Looking at the wrong things

Juliet's Wood

Juliet’s Wood (c) Duncan Hutt

Red and Black froghopper

Cercopsis vulnerata (c) Duncan Hutt

Last time I was at Juliet’s Wood near Slaley it was a couple of years ago and I was looking at the first signs of spring, mostly spring flowers.  This time I was accompanying a botany group to get as full a list of plant species as possible for this nature reserve.  So it would be reasonable to expect a long description of the plants to be found there but instead a few of the invertebrates caught my eye.  That’s not to say that the carpets of stitchwort and tufts of newly unfurling buckler fern were ignored or that the battle to confirm the identification of a rather straggly spring sedge wasn’t of interest.

Froghoppers are usually associated with the small clumps of ‘cuckoo spit’ found on various plants and containing an immature little insect inside.  The adults are usually a dullish brown and jump off with amazing force if touched.  However Cercopsis vulnerata is somewhat more striking with its black and orange pattern; it seems to go by the somewhat dull if descriptive name of ‘red and black froghopper’.

Courting spiders (c) Duncan Hutt

Courting spiders (c) Duncan Hutt

The butterflies were putting on a good show with small tortoiseshell, peacock, orange tip, speckled wood and the ubiquitous greeen-veined white all present.  More fascinating however were the pair of spiders engaging in a courtship ritual; the smaller male was waving his club-shaped palps at a female.  These palps are a sensory extension of the mouthparts and can be confused for antennae that are seen on many insects.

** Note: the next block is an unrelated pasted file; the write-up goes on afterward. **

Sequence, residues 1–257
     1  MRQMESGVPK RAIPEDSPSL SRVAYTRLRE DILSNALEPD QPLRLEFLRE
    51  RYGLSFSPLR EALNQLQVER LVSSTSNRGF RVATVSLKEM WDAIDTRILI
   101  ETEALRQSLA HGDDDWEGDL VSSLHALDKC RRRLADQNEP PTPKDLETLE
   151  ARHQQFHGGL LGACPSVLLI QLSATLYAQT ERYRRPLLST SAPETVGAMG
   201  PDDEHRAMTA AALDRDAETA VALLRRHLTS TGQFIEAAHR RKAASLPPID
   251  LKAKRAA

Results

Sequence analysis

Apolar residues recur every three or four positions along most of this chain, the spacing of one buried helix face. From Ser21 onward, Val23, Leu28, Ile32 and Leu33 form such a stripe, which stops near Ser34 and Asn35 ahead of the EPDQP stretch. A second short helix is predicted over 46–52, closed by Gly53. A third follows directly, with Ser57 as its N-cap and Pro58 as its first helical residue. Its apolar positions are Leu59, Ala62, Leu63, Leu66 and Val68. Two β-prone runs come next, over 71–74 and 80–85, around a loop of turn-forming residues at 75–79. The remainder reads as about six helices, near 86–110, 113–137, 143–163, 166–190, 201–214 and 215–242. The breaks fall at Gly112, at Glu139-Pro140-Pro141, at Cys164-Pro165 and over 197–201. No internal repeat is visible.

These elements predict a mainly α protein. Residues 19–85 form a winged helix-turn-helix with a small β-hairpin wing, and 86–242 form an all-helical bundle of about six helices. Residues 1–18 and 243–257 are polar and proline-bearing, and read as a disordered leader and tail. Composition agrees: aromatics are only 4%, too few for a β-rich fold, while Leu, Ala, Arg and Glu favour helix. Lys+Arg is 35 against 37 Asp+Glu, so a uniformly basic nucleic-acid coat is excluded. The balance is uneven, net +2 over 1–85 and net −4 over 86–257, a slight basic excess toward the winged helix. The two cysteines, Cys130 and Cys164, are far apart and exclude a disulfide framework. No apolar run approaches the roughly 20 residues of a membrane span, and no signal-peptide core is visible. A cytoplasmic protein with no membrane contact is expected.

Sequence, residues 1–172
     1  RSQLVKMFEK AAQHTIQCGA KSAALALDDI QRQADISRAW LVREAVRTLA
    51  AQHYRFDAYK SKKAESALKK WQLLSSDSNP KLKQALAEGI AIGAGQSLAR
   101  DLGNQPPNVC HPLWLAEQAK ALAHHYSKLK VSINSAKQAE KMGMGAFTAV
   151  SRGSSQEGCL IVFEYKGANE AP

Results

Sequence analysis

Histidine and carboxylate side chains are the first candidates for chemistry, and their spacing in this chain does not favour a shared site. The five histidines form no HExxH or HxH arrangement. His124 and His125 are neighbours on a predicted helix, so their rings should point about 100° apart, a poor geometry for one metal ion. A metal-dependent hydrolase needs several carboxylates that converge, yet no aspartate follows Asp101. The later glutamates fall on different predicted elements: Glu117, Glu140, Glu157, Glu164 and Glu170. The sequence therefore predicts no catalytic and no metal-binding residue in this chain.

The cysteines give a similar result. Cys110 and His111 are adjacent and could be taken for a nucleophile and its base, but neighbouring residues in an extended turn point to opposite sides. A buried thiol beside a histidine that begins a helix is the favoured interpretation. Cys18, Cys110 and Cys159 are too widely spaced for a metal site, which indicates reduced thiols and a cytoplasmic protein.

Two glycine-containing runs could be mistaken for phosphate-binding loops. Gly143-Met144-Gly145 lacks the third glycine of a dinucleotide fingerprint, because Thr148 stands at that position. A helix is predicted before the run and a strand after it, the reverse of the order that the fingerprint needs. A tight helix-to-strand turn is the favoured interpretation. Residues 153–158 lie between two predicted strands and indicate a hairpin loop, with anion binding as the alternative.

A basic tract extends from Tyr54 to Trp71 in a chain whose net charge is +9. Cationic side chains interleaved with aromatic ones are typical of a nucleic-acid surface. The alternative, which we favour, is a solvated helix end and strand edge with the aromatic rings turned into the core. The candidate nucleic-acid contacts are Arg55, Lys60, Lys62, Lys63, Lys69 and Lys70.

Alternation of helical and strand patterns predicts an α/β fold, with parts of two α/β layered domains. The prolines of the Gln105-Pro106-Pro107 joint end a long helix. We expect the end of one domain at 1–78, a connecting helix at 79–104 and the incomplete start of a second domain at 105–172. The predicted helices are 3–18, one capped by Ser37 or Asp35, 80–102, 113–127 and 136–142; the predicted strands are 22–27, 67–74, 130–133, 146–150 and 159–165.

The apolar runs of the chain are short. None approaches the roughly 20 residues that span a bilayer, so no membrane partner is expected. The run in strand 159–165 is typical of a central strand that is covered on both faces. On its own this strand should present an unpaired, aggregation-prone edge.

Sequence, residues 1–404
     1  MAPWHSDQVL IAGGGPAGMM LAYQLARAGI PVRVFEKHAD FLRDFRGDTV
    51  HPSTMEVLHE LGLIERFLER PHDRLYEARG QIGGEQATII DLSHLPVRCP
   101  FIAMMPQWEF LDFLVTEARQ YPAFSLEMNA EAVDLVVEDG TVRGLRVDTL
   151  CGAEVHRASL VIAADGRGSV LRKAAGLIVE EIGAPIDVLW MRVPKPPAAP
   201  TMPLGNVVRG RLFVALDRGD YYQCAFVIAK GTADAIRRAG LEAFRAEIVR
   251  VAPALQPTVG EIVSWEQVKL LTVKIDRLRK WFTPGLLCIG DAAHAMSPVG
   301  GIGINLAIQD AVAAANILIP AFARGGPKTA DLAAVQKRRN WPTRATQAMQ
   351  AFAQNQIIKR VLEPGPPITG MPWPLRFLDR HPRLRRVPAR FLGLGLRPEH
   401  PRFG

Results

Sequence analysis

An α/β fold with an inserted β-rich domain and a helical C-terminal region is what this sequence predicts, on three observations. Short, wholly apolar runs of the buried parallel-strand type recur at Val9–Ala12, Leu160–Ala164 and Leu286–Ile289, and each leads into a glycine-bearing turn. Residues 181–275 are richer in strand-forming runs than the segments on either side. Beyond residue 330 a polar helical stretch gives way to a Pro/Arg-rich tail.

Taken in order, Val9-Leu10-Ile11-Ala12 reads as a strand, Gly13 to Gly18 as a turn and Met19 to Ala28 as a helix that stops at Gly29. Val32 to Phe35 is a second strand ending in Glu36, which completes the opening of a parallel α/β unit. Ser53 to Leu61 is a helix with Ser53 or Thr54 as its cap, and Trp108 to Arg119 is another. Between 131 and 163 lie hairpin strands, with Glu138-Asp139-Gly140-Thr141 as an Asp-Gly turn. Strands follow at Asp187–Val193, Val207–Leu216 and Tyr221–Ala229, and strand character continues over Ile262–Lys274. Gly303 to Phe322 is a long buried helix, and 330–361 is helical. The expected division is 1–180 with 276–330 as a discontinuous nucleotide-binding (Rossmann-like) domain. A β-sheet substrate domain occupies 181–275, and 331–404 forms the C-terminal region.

Ants nest in fencepost (c) Duncan Hutt

Ants nest in fencepost (c) Duncan Hutt

At a nearby site there were a number of wood ant nests one of which was particularly striking as it had been built up inside a rotten fence post: the ants were swarming around the top and side.  One advantage of this location is in the protection offered by the solid sides thus reducing the opportunities for animals like badgers from getting inside.  Indeed some of the other nests nearby did appear to have been attacked by them.

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About thehutts

The Hutt Family from Northumberland
This entry was posted in Duncan at work, Invertebrates, Northumberland and tagged , , . Bookmark the permalink.

2 Responses to Looking at the wrong things

  1. I don’t know about looking at the wrong things: you’ve looked at some interesting ones! Half the time when walking I don’t know what I’m looking at and have to get the books out when I’m home again.

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